The national central banks of the euro area have very diverse balance sheets, but they share one aspect in common: Few of them conform to the textbook model of a central bank whose only task is to conduct monetary policy and whose monetary base constitutes its main liability. The balance sheet of the European System of Central Banks is therefore 50% longer than is necessary and then it should be according to the textbook norms. Central banks in Europe have a habit of making their balance sheets as opaque as possible so that it is difficult to determine exactly where the excess items come from. It is clear, nevertheless, that national central banks of the euro countries should clean their balance sheets of about 200 billion euro.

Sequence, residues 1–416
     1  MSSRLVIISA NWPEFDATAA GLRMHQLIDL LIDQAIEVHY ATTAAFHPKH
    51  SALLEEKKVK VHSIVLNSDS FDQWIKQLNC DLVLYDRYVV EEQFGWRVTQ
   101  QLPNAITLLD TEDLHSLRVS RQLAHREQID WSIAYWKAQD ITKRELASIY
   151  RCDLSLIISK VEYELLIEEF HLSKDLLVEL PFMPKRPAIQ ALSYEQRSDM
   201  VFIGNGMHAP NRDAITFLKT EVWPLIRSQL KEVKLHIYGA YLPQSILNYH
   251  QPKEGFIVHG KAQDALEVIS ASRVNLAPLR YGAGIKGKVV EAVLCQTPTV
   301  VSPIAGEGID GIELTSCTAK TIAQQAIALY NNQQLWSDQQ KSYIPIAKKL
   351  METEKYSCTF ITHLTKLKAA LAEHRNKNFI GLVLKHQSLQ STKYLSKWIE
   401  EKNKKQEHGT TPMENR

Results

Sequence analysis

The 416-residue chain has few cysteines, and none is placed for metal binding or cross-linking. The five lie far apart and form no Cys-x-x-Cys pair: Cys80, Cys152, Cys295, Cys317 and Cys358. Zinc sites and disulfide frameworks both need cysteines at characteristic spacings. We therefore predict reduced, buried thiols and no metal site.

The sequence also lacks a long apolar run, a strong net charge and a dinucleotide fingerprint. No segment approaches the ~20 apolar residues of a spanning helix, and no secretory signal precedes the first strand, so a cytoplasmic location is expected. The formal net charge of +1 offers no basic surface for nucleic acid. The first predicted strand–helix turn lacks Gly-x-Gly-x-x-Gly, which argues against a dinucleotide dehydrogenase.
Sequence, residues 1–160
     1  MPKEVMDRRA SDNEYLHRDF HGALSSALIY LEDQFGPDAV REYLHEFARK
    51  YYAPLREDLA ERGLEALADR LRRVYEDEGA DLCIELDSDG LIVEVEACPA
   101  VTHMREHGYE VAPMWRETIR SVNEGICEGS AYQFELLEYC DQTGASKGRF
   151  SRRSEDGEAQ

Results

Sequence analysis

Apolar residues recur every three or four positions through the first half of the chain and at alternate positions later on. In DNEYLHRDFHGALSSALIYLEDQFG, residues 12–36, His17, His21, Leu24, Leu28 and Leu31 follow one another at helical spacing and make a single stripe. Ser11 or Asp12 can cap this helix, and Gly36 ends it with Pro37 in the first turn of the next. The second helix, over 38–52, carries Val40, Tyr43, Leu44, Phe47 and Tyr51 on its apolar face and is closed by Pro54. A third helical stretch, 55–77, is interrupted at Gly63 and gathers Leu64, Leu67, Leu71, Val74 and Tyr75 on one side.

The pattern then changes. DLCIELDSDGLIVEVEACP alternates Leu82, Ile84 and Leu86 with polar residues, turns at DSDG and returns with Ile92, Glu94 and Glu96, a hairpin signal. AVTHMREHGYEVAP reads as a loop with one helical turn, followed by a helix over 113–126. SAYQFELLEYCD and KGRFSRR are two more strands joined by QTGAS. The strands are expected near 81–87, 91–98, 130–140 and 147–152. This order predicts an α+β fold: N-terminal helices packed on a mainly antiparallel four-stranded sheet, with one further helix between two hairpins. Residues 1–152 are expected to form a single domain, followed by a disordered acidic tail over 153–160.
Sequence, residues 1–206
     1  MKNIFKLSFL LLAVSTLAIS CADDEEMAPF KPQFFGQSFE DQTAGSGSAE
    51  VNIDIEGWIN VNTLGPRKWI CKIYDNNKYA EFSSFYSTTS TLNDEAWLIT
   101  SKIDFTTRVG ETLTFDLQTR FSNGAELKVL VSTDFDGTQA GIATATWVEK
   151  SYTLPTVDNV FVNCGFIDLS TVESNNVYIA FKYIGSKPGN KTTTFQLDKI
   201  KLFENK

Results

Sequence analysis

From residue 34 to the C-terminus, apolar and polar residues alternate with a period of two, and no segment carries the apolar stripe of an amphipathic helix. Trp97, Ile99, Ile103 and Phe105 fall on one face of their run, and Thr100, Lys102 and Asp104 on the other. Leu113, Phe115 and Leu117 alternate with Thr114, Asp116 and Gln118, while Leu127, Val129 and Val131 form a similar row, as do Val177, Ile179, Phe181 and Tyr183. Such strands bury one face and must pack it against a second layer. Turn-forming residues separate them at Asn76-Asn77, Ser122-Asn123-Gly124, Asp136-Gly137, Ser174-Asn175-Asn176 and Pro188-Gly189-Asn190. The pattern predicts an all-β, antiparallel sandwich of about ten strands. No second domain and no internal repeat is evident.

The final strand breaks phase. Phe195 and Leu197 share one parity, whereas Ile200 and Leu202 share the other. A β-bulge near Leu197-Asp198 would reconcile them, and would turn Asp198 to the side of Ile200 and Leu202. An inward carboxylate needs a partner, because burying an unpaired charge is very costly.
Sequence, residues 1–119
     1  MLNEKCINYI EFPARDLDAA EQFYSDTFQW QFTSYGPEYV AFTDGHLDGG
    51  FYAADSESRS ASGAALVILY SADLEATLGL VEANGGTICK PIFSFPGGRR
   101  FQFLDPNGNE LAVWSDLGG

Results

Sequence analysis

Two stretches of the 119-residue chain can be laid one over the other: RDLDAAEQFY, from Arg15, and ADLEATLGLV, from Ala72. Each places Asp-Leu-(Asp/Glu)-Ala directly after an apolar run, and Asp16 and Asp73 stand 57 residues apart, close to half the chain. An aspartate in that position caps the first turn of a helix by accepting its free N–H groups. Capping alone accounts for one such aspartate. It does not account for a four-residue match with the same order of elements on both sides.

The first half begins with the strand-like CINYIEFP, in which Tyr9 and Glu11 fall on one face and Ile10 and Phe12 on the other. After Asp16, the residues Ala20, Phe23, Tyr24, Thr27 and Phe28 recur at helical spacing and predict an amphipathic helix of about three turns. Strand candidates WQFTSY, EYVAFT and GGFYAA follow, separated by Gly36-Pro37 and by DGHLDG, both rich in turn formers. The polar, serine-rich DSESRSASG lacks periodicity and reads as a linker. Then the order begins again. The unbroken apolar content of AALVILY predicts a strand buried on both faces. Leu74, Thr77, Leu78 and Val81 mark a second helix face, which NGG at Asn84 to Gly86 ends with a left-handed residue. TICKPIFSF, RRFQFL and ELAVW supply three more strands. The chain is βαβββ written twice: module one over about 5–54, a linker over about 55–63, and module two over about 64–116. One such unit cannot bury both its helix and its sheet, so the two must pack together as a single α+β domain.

Wc estimate that about one-half of the reduction in the excess balance sheet items could be achieved by a sale of excess foreign exchange reserves that could be used to reduce public debt. The counterpart would be mainly a reduction in excess revaluation reserves. The remaining half represents “dead wood”, i.e. assets and liabilities, vis-a-vis both the private and public sector, that should also be eliminated as they have nothing to do with the management of monetary policy.